How many cars will Canadians buy in 2014? How forecasters predict sales
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Last year, Canadians bought a record 1.74 million vehicles, an increase of four per cent over what they purchased in 2012. And with 2014 well under way, analysts are already looking at how many cars and trucks will end up in new homes this year.
“We expect purchases to climb to a record 1.76 million units in 2014,” says Carlos Gomes, senior economist and auto industry specialist for Scotiabank. “New-vehicle affordability in Canada is at the best level in two decades.”
These forecasts are an important tool for many companies involved in the auto industry, including the car manufacturers themselves, their dealers, lending facilities and service suppliers.
The forecasts also give insight into what will happen in the coming years, as dealers and auto auctions estimate how many used vehicles will eventually end up in the market, or tire dealers determine how many replacement or winter tires they should stock.
Forecasters look at such things as the strength of the global economy and the Canadian dollar, employment figures and car prices. It’s a complicated puzzle, with factors that can connect in unusual ways. For example, the U.S. recession brought a sharp drop in new houses being built, which in turn dried up the export market for Canadian lumber. Those industries, and others like them, bought fewer new trucks. Not only did that affect the auto market at the time, but a few years later, the resulting supply-and-demand of these smaller numbers sent the price of used trucks soaring.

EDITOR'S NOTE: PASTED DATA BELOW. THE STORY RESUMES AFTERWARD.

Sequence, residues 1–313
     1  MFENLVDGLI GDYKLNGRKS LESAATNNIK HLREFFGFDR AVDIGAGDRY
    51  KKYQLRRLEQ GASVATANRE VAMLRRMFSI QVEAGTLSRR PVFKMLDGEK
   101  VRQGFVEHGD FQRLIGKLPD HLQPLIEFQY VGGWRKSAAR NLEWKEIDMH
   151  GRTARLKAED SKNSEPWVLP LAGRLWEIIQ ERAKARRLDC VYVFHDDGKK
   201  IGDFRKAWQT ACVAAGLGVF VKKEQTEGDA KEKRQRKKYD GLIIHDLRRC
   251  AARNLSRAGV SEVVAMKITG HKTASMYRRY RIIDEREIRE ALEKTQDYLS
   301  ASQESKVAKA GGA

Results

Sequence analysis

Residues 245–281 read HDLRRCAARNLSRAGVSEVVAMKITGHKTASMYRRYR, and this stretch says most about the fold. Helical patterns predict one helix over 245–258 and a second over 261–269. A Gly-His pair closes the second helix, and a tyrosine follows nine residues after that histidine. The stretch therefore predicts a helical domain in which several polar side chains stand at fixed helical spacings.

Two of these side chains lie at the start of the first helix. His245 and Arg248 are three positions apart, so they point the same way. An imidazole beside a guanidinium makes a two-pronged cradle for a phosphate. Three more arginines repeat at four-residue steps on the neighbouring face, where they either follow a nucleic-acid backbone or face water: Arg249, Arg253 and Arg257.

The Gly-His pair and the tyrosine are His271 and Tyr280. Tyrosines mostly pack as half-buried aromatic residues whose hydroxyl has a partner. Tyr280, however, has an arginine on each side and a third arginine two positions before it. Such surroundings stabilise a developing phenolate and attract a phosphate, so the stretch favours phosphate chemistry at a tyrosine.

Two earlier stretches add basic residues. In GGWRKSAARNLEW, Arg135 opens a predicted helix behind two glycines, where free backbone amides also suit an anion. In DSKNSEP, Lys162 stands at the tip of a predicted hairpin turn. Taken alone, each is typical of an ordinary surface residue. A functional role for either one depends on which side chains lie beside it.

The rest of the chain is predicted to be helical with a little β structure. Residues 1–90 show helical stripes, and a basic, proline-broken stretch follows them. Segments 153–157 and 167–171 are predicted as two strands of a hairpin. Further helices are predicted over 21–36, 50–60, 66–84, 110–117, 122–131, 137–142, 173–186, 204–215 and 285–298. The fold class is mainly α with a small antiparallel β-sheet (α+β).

To come up with his forecasts for 2014, Gomes considered such things as an upcoming shipbuilding contract in Nova Scotia and increased natural gas drilling in British Columbia, which will ultimately increase jobs and raise car sales, along with downward trends such as a delayed aerospace project in Quebec.
He also looks at vehicle pricing. “Affordability has improved so dramatically,” he says. “We look at the average vehicle price and compare it with the level of the typical household income, and divide prices by income. We do it as the number of weeks that a household has to work to buy a new vehicle. That number has been coming down significantly.”
Currently, a household must work 23.5 weeks to earn enough to buy a car, Gomes says. The average since 1990 has been 27 weeks, although there was a spike in 1999, when vehicles were least affordable and it took 32 weeks of work to purchase one.
“The automakers have done a good job of limiting price increases,” Gomes says. “Since the downturn of 2000/2001, annual price gains have been only about 1 per cent per year, while we’re seeing household incomes increasing by roughly triple that. Stable car prices and rising incomes have led to the improvement of affordability.”
• Truck-mad Alberta. Albertans buy 30 per cent of all the pickup trucks sold in Canada. Within the province, 75 per cent of all vehicle sales are trucks, SUVs, or vans.
• Ontario stats. There were 646,000 vehicles sold in Ontario in 2013, the second-highest number on record. Most went to households, but fleet sales are forecast to climb in 2014.
• Potential knock-on effect. Since many vehicles sold in the U.S. are made in Canada, a stronger U.S. economy will drive increased production at Canadian plants.